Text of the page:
One day my industrious mother called me from a flea market, hardly able to contain her excitement. She had found a vintage Le Creuset oven in classic orange for less than $100 and had managed to talk the dealer down to almost half of that price, and she was bringing it to me that weekend. To give to me. For me to use forever and ever and ever.

And since then it has been my absolute favorite piece of kitchen equipment. It is a versatile workhorse: I’ve used it to make everything from homemade sourdough bread to every kind of soup and braised stew. It adds cheer to my stovetop, the pot’s permanent home, and every time I use it I think about how it came to me. Through patience and love and a whole lot of bargaining power, and it embues everything I cook in it with a little of that magic.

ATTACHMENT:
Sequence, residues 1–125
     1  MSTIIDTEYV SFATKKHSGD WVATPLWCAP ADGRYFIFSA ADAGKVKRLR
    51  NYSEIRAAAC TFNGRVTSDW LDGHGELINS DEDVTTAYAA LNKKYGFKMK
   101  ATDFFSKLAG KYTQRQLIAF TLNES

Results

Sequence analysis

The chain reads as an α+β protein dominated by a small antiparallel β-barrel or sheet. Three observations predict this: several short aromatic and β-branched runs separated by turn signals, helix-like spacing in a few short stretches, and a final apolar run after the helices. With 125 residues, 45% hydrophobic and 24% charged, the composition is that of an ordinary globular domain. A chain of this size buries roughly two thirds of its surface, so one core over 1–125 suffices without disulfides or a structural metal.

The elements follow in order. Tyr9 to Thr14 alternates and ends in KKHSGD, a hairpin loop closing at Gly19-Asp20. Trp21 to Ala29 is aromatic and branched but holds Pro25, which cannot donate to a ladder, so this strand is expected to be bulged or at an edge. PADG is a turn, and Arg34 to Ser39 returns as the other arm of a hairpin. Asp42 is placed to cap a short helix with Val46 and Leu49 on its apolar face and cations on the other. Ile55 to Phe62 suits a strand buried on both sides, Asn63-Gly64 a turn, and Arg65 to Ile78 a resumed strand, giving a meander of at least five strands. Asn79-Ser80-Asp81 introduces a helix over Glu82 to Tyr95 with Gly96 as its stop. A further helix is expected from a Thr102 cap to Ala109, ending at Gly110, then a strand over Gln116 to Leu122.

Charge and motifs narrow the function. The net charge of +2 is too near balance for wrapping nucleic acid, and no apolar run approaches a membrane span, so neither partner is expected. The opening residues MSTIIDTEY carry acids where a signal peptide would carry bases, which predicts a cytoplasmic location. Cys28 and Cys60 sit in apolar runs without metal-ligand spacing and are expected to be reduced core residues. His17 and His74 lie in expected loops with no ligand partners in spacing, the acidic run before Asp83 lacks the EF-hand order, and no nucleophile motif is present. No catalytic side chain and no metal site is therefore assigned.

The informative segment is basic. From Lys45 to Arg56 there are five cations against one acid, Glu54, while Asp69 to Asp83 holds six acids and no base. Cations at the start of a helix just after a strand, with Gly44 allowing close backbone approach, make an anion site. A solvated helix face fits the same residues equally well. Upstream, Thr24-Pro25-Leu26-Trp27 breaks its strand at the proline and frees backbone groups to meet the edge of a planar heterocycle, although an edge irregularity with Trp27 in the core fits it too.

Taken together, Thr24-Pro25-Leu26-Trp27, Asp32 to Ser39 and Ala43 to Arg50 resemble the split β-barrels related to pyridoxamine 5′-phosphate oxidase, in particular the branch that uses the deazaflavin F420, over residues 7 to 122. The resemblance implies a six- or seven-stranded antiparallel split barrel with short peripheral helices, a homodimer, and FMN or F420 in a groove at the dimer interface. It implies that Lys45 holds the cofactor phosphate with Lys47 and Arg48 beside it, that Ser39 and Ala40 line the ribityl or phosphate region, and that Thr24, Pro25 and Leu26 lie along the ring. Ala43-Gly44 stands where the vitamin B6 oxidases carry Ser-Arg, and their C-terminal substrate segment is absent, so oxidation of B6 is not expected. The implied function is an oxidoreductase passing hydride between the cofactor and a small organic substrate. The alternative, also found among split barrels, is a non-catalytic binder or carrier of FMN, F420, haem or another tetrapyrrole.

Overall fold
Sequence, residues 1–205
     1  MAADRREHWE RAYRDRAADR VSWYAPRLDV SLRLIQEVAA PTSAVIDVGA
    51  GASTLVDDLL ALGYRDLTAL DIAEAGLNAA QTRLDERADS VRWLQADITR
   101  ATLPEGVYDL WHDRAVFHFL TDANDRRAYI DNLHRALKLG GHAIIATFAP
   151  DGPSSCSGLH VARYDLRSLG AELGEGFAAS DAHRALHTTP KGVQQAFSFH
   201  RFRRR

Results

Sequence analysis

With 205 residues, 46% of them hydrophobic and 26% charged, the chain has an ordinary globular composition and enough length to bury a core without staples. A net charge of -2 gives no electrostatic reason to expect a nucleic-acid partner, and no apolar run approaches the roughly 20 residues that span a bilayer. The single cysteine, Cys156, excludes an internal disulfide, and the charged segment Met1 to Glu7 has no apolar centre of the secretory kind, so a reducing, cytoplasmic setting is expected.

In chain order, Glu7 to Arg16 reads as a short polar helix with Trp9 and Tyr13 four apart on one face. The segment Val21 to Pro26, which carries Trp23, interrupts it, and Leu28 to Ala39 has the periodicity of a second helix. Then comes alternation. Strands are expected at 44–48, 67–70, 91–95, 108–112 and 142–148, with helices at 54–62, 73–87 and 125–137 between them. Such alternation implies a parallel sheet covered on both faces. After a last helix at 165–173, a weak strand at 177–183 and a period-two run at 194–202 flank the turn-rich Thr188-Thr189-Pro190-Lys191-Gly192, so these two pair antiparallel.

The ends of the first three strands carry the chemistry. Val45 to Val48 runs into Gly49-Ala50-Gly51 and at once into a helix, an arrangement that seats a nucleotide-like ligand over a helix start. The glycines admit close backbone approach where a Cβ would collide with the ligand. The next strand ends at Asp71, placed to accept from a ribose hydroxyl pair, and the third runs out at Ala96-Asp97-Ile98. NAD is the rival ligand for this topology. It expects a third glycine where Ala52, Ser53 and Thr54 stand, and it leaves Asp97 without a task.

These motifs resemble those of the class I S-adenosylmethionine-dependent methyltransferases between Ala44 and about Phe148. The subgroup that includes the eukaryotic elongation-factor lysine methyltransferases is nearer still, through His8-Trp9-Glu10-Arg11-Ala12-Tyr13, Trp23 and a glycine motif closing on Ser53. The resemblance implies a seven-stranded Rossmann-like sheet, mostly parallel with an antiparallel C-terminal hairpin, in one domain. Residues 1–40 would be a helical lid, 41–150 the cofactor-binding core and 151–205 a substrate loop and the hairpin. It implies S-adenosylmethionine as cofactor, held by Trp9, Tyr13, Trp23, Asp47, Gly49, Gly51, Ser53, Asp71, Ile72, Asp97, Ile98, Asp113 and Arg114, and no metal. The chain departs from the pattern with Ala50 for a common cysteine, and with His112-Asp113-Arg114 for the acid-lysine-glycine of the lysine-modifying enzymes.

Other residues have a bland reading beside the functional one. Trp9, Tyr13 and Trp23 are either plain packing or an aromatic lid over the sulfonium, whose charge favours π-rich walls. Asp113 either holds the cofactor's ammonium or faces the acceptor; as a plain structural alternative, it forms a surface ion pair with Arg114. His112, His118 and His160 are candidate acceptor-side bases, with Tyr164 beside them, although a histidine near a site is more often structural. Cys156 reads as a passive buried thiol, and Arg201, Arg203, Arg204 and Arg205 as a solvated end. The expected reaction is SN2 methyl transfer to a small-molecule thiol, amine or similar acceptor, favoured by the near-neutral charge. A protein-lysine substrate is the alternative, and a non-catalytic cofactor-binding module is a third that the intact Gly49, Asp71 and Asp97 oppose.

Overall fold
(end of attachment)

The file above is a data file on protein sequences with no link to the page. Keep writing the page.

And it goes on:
SONY DSC

Savory Cauliflower Soup

1 qt. homemade broth

1 large head of cauliflower

1 medium pattypan squash

1 large onion

2 Tbsp. coconut oil or lard

3-5 cloves garlic

2 tsp. salt

fresh black pepper

1-2 Tbsp. fish sauce

2 Tbsp. coconut aminos

dash of smoked paprika for garnish

Melt the lard in a large, heavy-bottomed pan. Meanwhile, slice the onion and crush the garlic; set aside. Once the fat has melted, add in the sliced onions and cook until golden brown, about 10 minutes — this doesn’t caramelize the onions but it does get the process started and, thus, imparts more flavor. To this, add the crushed garlic, salt, pepper, coconut aminos and fish sauce. Cook until fragrant, about a minute.

Dice the pattypan squash and the cauliflower and add to the pot. Turn the heat up to medium-high and pour in homemade broth. Stir everything together and bring to a boil before covering and simmering until the vegetables are tender. Adjust seasoning to taste.